Thursday, September 28, 2017

Saracen Horse Archers for SAGA

"Saracen" horse archers in 28mm for SAGA. These are 28mm sculpts from the Perry twins.

My efforts to complete a 28mm Saracen warband for "SAGA: Crescent and the Cross" continue.  I had finished the Warlord for the warband back in the late winter, during Curt's most recent Analogue Hobbies Painting Challenge. Now that the fall season is here, I really want to finish a four-point warband for him to lead into battle.  I started with the spearmen first, as they were relatively easy, and now I have a second "point" to share - eight mounted horse archers.

The Perrys are incredible sculptors, and they knocked it out of the park once again with these Seljuk archers - I love the fluid energy in the poses - you can imagine them riding circles around hapless Crusaders, filling the air with deadly arrows...
These are 28mm metal figures from the Perry brothers' amazing First Crusade range.  They are Seljuk horse archers. When I imagine the "saracen" warriors who confronted the Crusaders, I think of troops just like these, swirling and colourful horse archers boldly riding in daring-yet-evasive formations, loosing deadly arrows at the relatively slow Crusader forces.  I'm pretty pleased to have this group of eight mounted warriors (good for another "point" in SAGA) to add to my small collection of Saracens.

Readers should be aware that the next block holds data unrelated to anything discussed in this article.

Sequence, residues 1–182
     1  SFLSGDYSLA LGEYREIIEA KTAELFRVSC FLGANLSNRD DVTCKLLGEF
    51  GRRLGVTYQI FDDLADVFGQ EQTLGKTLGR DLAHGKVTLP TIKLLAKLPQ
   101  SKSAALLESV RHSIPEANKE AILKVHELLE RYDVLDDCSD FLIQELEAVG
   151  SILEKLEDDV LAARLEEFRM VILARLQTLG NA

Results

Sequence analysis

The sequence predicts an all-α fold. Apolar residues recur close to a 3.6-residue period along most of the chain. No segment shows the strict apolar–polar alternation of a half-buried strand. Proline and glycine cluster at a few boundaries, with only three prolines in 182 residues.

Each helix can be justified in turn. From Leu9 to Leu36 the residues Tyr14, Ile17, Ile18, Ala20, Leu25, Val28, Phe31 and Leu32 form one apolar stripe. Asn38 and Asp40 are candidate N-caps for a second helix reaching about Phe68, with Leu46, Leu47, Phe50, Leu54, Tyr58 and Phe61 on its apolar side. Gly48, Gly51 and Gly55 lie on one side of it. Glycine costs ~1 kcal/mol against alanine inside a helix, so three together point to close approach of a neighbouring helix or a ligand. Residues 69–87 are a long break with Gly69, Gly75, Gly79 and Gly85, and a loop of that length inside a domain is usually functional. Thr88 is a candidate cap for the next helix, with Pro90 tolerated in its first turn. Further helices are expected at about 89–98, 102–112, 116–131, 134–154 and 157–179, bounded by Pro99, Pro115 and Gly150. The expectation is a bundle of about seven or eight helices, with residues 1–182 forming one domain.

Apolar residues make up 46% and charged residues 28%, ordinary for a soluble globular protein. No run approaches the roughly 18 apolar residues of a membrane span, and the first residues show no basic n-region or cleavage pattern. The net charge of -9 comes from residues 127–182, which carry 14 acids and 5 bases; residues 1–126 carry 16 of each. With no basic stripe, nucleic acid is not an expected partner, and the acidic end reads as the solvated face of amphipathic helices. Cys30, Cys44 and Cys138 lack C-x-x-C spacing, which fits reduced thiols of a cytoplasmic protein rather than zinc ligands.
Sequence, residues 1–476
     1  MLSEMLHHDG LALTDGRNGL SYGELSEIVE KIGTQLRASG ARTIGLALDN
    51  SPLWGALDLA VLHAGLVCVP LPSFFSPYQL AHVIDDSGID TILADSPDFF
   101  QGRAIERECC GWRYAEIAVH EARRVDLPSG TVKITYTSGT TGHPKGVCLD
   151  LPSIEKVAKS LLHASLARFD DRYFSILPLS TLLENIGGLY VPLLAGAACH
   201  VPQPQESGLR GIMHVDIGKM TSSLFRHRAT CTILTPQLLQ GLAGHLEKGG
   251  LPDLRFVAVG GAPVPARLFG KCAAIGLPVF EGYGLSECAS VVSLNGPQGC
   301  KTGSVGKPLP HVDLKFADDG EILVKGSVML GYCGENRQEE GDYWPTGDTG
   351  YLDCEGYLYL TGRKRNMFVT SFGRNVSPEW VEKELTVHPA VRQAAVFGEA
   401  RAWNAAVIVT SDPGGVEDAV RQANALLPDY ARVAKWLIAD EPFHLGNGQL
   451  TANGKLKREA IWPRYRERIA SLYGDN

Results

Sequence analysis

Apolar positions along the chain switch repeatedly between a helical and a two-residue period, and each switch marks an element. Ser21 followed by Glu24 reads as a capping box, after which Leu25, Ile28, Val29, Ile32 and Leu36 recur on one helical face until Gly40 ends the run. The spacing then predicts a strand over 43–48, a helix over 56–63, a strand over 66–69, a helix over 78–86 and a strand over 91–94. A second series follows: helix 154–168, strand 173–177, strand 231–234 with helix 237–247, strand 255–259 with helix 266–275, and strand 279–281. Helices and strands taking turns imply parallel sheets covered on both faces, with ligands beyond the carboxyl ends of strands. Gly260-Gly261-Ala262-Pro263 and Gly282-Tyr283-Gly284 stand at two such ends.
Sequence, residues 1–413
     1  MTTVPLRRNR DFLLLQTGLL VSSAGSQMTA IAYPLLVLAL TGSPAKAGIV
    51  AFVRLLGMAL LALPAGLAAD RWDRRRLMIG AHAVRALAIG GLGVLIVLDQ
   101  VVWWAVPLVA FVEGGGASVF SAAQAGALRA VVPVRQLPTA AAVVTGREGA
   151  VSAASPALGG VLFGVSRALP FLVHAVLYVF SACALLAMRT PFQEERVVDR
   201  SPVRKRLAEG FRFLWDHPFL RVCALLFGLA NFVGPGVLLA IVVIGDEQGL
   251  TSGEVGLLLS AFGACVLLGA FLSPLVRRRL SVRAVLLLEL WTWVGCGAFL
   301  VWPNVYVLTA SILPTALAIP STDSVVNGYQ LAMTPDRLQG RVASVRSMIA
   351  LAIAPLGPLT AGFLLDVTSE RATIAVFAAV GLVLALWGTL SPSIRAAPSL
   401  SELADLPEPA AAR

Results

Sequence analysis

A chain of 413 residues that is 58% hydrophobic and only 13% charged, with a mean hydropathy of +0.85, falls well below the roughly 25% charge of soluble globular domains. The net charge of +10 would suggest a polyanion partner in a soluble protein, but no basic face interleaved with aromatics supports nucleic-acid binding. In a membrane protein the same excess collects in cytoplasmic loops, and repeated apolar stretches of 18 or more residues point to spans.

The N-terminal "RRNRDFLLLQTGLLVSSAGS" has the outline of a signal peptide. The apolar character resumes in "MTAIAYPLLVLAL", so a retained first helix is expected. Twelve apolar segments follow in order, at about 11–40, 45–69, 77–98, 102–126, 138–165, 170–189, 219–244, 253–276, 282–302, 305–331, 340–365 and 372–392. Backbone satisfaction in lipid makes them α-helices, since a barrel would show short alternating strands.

The single LBMS shield I managed is visible on the left of this photo - wish I could have done them for all the shields, but having one really nice one is still a great accent for the unit
I like to paint in a process-driven fashion, but I doubt painting any of the Saracen/Caliphate etc forces will ever allow for much of that, and these colourful figures are a good example.

I have always enjoyed having a lot of broad guidance on what I'm painting, particularly when it comes to historical subjects. This might be from books, or friends, or both. But seeing as the Crusades started over a thousand years ago, there is just not that sort of "certain" historical reference that I can get with WW2 or even Napoleonics or the War of Spanish Succession etc uniforms.  At some point you need to have enough confidence to just...start winging it...within some broad, accepted boundaries of course, but still winging it...there is no "codex" for the forces from a thousand years ago. So that's what I did here, just started picking different colours to see what might work.

Hence the quite diverse colours on these fellows.  It does not seem like there was a "uniform" of any sort for the Turkish horse archers.  The closest thing seems to be an arm band that many of the Islamic warriors wear - but these also seemed to be multi-coloured.  I'm cheating and using them as a unit identifier - they are all yellow on this group, while the other colours are generally all over the place. I don't know if that is correct, but I'm going with it.

And who knows? Maybe they never wore red caps? Or white coats? I don't know. I was guessing here for just about all of this stuff.  But I'm still pleased with the overall effect - they look colourful, swift and brave.